Health & Fitness Being skinny linked to depression in both men and women

13:21  20 april  2017
13:21  20 april  2017 Source:   Press Association

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Being skinny is associated with depression , scientists say. Experts believe they have found the first evidence of a significant link between being underweight and being depressed . And it seems both men and women are affected by negative thoughts about being too thin.

Being skinny is associated with depression , scientists say. Experts believe they have found the first evidence of a significant link between being underweight and being depressed . And it seems both men and women are affected by negative thoughts about being too thin.

Being underweight or obese can increase the risk of depression, a study said: Childhood obesity © PA WIRE Childhood obesity

Being skinny is associated with depression, scientists say.

Experts believe they have found the first evidence of a significant link between being underweight and being depressed.

And it seems both men and women are affected by negative thoughts about being too thin. This differs from depression among obese people, which mostly affects women.

However, experts from Seoul National University of Medicine, who led the study, were unable to say whether depression leads to thinness or vice versa.

It may be that depressed people are more prone to losing weight, or that being skinny leads to depression, they said.

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Being skinny is associated with depression , scientists say. Experts believe they have found the first evidence of a significant link between being underweight and being depressed . And it seems both men and women are affected by negative thoughts about being too thin.

Being skinny is associated with depression , scientists say. Experts believe they have found the first evidence of a significant link between being underweight and being depressed . And it seems both men and women are affected by negative thoughts about being too thin.

Writing in the British Journal of Psychiatry, the team analysed data from 183 separate studies.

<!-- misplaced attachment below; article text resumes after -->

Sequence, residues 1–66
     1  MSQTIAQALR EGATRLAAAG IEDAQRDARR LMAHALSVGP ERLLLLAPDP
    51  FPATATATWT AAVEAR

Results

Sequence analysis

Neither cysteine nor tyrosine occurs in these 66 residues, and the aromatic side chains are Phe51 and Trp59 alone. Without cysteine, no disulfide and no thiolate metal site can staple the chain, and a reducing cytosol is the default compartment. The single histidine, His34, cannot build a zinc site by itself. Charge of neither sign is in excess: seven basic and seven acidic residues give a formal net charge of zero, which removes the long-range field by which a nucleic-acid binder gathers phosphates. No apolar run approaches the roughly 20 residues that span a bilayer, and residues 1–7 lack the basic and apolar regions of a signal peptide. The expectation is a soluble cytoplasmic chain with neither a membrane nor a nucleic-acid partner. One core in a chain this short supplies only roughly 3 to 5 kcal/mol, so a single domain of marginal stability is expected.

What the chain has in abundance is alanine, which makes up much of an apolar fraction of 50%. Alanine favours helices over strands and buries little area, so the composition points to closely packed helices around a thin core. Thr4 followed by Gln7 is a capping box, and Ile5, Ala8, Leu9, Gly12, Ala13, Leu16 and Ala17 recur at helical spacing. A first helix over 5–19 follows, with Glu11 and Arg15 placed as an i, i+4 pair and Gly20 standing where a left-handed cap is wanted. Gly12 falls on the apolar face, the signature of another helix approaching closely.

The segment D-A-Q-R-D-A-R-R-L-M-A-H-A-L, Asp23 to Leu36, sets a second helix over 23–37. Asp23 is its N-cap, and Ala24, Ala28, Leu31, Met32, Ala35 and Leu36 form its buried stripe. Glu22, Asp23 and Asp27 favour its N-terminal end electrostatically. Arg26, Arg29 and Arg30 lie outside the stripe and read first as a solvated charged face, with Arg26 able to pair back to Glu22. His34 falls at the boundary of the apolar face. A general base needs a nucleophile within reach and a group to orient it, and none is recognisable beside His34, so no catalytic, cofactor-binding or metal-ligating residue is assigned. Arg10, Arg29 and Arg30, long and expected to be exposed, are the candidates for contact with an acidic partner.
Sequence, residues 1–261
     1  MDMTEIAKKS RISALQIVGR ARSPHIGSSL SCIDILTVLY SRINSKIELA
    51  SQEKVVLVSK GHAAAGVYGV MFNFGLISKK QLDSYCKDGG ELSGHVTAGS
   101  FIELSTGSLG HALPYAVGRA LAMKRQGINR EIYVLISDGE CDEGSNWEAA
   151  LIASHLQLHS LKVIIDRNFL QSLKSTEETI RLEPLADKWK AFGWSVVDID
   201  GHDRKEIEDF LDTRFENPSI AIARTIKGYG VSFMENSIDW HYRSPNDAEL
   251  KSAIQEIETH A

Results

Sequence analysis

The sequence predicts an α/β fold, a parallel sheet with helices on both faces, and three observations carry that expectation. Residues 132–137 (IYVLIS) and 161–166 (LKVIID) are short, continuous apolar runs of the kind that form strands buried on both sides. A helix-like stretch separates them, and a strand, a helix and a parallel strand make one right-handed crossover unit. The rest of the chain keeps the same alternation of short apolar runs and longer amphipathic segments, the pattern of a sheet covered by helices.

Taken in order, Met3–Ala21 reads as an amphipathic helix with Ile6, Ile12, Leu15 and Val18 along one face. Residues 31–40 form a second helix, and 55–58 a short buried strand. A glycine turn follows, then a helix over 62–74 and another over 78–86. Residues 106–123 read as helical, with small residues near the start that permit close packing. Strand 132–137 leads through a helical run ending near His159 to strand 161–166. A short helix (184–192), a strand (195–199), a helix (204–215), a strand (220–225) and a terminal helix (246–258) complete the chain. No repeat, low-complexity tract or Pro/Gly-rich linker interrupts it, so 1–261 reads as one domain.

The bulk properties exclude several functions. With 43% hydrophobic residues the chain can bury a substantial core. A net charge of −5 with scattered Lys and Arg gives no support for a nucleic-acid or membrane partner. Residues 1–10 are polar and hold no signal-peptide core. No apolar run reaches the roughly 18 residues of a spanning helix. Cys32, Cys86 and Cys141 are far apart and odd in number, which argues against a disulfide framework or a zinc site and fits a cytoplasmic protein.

They found that obesity increased the risk for depression in a dose-response manner - the fatter people were, the more depressed they felt.

But they noted gender differences according to how people felt about being overweight.

They said: "It seems that the current ideal of thinness affects women more than their male counterparts and causes more psychological distress in women, which can, in turn, lead to depression.

"In contrast, men who are overweight showed a significantly decreased risk of depression."

The experts said previous research has suggested that men are more likely to be of a "jolly fat" disposition than women.

They concluded: "Both underweight and obesity increase the risk of depression.

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Being skinny is associated with depression , scientists say. Experts believe they have found the first evidence of a significant link between being underweight and being depressed . And it seems both men and women are affected by negative thoughts about being too thin.

Being skinny is associated with depression , scientists say. Experts believe they have found the first evidence of a significant link between being underweight and being depressed . And it seems both men and women are affected by negative thoughts about being too thin.

"In clinical practice, medical care providers should pay attention to the mental health of people who are underweight.

"Likewise, women who are overweight and obese populations should also be monitored for possible depression."

Dr Agnes Ayton, vice-chairman of the eating disorders faculty at the Royal College of Psychiatrists, said: "This large study confirms that optimal nutrition is fundamentally important for physical and mental health. Both being underweight and obese is associated with an increased risk of depression.

"It is an important finding, as people with eating disorders often assume that losing weight will improve their happiness.

"This study shows that the opposite is true and malnutrition has a detrimental effect on people's mood. Maintaining a healthy weight is essential for good mental health."

Young women are more likely to report mental health problems than young men .
Prince Harry recently made headlines for revealing that he had turned to counselling to help cope with his mother's death. As the 'epidemic' of male suicide continues to grow in the UK, particularly in men under 45, male mental health issues are deservedly receiving more attention.

Source: http://uk.pressfrom.com/lifestyle/health/-144467-being-skinny-linked-to-depression-in-both-men-and-women/

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